UConn to Lose a Lot; Returns a Lot, Too
As if completing back-to-back unbeaten seasons and amassing an NCAA women's record 78 straight wins doesn't grant you even a moment to bask in the glow of accomplishment.
Auriemma, now with seven national titles, took that moment anyway.
"I'll probably think about the 78 and how it became a reality," said Auriemma. "And I'll just stare up into space like I always do and say, 'I can't believe it.' There's so many things that could go wrong along the way, and it's just unexplainable that that many things could go that right for 78 straight games and you would win."
But they did, and now, it's on to the next thing, specifically a chance to match UCLA's men's mark of 88 straight wins, achieved from 1971-74.
"I'm not looking at it as a goal," said Auriemma, who has never lost a championship game. "I'm not looking at it as something that I want to accomplish. If we're fortunate, and it ever happens, I'll be astounded like I am right now."
A third straight unbeaten season would not only be unprecedented, it would be unlikely given the heavy graduation losses Connecticut will sustain next year.
For starters, the Huskies will lose center Tina Charles, expected to be taken first in Thursday's WNBA draft by the Connecticut Sun. Though Charles' career got off to a slow start, the 6-foot-4 native of Jamaica, N.Y., finished strong, leaving Storrs as the program's all-time leading scorer and rebounder.
Charles won nearly every national Player of the Year award this season and her second-half defense on Stanford's Nnemkadi Ogwumike helped trigger a decisive run that got the Huskies the lead.
The Huskies will also lose three-year starter Kalana Greene, a guard and the team's third-leading scorer, as well as Kaili McLaren, Charles' backup, and three other reserves.
"It's going to be sad,' said forward Maya Moore. "They have, I think, been the most improved players, just seeing Tina's growth from freshman year to now, and Kalana's growth from last year to now. They're leaders for our team, and we're going to absolutely miss that."
Fortunately for Connecticut, Moore (top right), the nation's best player, returns for her senior year. The 6-foot forward from Lawrenceville, Ga., who was named the Most Outstanding Player in the Final Four, will almost certainly pass Charles as the all-time leading Huskies scorer, barring injury.
The bigger question is whether Moore, who had 18 of her game-high 23 points in the second half Tuesday, is ready to become not only the program's unquestioned scorer, but its on-court leader as well.
"Maya is unbelievable in what she can do and how she can do it," said Auriemma. "I think Maya's greatest challenge next year is going to be that for the first time in her college career she will be the older leader and not have a lot of help, and that's going to really take its toll on Maya next year. I've told her that. We've talked about it. And that's my job to get her ready for it.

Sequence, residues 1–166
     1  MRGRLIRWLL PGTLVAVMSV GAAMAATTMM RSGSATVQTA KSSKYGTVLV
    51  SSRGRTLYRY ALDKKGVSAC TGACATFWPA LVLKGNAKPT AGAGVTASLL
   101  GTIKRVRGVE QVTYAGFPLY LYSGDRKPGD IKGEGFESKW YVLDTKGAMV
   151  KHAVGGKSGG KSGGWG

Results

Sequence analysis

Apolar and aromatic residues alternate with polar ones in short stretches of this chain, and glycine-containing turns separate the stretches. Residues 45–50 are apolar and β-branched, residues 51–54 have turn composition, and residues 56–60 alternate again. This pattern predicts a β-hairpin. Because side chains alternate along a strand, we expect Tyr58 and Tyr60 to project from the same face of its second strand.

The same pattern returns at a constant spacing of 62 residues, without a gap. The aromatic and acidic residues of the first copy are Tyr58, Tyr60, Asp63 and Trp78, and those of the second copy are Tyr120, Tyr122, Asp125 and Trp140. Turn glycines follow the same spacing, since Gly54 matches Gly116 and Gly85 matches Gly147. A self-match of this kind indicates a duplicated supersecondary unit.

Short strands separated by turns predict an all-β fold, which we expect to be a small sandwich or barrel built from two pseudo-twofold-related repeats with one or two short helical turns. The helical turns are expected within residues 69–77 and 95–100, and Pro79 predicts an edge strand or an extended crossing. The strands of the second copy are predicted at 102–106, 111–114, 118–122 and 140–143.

"But, you know, people are going to expect us to win a national championship because we've got Maya Moore. And I would say: Good. So do I."
Moore will have supporting cast help from guards Tiffany Hayes, Caroline Doty and Kelly Faris as well as from incoming freshmen Bria Hartley and Samarie Walker, who each played well in the WBCA High School All-Star Game Saturday.
To get to the magic number 88, the Huskies will have to win their first 10 games next year. One of those games appears certain to include a meeting with Baylor, the team the Huskies vanquished in the national semifinal. The Lady Bears, who had five freshmen this year, including 6-foot-8 center Brittney Griner, will be a year older and the darling pick of many to at least get back to the Final Four, if not supplant Connecticut as champions.
That game is tentatively slated for early in the season at Gampel Pavilion in Storrs, and will likely be the first early test of how good the Huskies will be. The next big non-conference challenge on the 2010-11 schedule is a game at Stanford, Connecticut's other Final Four victim.
The Huskies will also face their traditional Big East rivals Notre Dame and Georgetown, both of whom are expected to be improved from this season, when the Hoyas reached the second round and the Irish reached the Sweet 16.
Regardless of who comes and goes and how much better the rest of the world of women's basketball may be, each season at Connecticut starts with the expectation of 30 wins, a Final Four berth and a shot at a national title. Next year will be no exception.
"I think we definitely set the stakes high," said Charles. "Coach did it. He set the stakes high for the people coming into Connecticut, because I know when I came in, we didn't win for a year, for like a long time. So the guys coming in now, the guys who [are] here next year, Maya, Tiffany, Caroline, they just gotta keep winning, because that's what Connecticut does."